• Denise explains that she was aware of some of the symptoms prior to menopause, but she did not experience the same symptoms as her mother did.
  • After experiencing hot flashes, Denise decided to launch WisePause Wellness, a recurring event where menopausal women can get information from qualified physicians.
  • Denise created a survey to determine what menopausal women truly desired.
  • Dr. Dweck brings up hormones because there is a huge divide between patients who are okay with hormones and those who are strongly opposed to them.
  • Denise explains that women are still hesitant because they believe the hormones will harm them.
  • Rachel genuinely admires Denise’s extensive experience and remarks that ‘her business card would be the size of a poster’, so she is curious about the goals of FemAging as another one of Denise’s businesses.
  • We learn that FemAging will become a subscription-based platform where can learn more about the latest innovations and solutions in the field of menopause treatment.
  • As Denise points out, only 5% of the physicians are OB-GYNs, and only 25% of them are menopause specialists, so some changes will be required in that area.
  • Dr. Dweck adds that OB-GYN residents receive very little training in menopause, resulting s in a shortage of physicians who are trained to help patients.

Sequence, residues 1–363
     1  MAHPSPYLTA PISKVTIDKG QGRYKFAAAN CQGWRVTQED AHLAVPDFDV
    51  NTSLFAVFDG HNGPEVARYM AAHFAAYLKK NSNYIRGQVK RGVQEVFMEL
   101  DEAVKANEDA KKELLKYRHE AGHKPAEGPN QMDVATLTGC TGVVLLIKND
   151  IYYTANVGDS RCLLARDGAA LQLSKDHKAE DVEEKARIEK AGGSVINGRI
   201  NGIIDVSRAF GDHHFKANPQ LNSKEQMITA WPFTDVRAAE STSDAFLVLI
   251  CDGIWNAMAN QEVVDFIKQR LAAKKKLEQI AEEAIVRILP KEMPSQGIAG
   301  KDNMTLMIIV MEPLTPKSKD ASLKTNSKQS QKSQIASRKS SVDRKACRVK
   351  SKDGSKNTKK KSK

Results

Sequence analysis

• Rachel emphasizes the importance of individuals such as Denise and Dr. Dweck in assisting patients in realizing that doctors are not their enemies and in providing a safe haven for them.
  • Denise brings up another important point: women don’t know how to communicate with their doctors and aren’t always honest with them.
  • To learn more about Denise’s work, you can visit FemAging for the report, WisePause for the event, or Tea Botanics for the hot flash products.
  • HOT FLASH: According to a small survey of US OB-GYN residents at Johns Hopkins, only one in every five residents receives formal training in menopause medicine.


“I tell everyone this all started with a hot flash.” (Denise)

“You’ve literally mentioned a day in my life in my office where so many women come in with concerning symptoms and either think they’re having a heart attack or some sort of a neurological problem.” (Dr. Dweck)